Customer data analytics: New revenue option for network operators

The TM Forum believes facilities-based network operators should invest in high-quality analytics tools to provide advanced customer data analytics to other service providers in order to create new revenue from the vast amount of customer information they collect and secure a place in the next-gen services value chain.

Note from the editor: In this month's column, TM Forum President and COO Martin Creaner looks at how telecom operators

can play a role in providing customer data analytics to other service providers to improve customer experience and carve out new revenue streams for themselves throughout the communications value chain. The trick will be to develop a business model that effectively uses data mining and analytics tools to find relevant customer usage patterns.

Network-owning operators don't want to be cut out of the next-gen services value chain, which means their business plans must evolve to make them essential.

Martin Creaner
President and COO, TM Forum

You only have to look at the worldwide phenomenon that is the iPhone, the hundreds of millions of active Facebook users and the popularity of Gmail and other applications from Google to see that today's communications world is vastly different from just a decade or two ago. Where once operators ruled the telecom landscape largely because they owned the network infrastructure that delivered services, today the service provider and content developer reign supreme in a world where apps trump fiber or broadband.

Even the terminology for different kinds of companies that deliver services is shifting. Companies that offer communications services are called service providers, but only about 5% of these providers are actually "operators" -- meaning companies that own an actual network. We will continue to see services offered by providers that aren't operators at all, and that will offer services ranging from the traditional (voice, texting and Internet) to a much broader range of services (automotive, health care and security).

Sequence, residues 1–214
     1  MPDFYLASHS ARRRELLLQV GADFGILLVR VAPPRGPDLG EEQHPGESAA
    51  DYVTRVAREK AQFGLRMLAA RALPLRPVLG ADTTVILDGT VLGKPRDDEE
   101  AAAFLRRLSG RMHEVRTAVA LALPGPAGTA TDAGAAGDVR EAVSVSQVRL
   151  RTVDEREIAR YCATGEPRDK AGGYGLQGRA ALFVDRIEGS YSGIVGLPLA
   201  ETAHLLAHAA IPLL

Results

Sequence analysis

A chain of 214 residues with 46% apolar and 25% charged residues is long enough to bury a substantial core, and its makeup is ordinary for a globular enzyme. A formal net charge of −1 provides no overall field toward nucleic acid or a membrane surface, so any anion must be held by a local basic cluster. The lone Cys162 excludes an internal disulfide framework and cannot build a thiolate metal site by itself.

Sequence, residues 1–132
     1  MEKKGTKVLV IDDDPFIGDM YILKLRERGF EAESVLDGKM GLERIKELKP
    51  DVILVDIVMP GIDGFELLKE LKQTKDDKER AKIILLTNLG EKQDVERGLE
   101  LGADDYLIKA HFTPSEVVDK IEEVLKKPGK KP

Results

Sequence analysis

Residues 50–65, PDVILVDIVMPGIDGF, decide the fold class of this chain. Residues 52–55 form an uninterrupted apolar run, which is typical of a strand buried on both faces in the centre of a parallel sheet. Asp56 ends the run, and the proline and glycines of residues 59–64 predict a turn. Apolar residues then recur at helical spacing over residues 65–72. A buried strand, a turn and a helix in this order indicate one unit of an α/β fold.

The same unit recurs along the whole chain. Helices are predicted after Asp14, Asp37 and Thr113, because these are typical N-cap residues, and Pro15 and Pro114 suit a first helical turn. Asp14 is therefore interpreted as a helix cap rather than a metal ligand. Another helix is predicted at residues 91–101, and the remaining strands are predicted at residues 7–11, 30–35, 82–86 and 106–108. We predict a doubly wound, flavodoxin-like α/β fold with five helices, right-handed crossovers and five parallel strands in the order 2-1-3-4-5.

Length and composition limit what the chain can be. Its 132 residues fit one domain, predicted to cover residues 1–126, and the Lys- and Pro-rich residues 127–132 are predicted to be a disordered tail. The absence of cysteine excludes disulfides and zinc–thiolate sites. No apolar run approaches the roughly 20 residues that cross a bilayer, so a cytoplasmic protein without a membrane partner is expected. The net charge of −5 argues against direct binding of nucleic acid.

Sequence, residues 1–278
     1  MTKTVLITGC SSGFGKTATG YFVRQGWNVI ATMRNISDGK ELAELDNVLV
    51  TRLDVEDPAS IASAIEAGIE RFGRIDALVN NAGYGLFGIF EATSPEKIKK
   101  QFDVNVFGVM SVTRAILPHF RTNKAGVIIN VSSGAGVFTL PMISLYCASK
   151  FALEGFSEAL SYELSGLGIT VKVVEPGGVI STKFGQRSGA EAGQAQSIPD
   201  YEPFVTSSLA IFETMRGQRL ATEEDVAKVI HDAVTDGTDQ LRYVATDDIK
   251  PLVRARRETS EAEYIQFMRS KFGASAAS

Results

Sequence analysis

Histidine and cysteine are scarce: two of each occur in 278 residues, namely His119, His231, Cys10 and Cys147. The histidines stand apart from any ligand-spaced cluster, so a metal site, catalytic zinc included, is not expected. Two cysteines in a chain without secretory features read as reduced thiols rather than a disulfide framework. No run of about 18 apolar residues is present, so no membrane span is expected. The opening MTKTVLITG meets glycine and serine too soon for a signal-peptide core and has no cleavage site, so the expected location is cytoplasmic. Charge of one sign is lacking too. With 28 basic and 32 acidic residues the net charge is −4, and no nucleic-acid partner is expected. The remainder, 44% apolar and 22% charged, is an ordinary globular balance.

While these changes bode extremely well for end users, who will have many more service choices than ever before, what do they mean for traditional operators that could easily end up as "dumb pipes" (although I'm not fond of that term)?

The point is that without a strong business strategy, operators will be cut out of the value chain entirely, even though they own the means for transporting services to customers. Their revenues won't dry up completely, but they'll stagnate, at best, leaving few opportunities for growth and making it more difficult to maintain strong positions in the industry.

Network-owning operators don't want to be cut out of the next-gen services value chain, which means their business plans must evolve to make them essential.

Network operators can use customer data analytics as value proposition

If operators just sit back and hope that their infrastructures will guarantee them places of prominence in the world of communications going forward, they will be sorely disappointed. Service providers are already able to reach out directly to end users, so operators need to get back in the game and find their slot in the value chain. In fact, it's not a given that they even have a slot anymore -- they need to prove they deserve a seat at the table quite simply by being useful.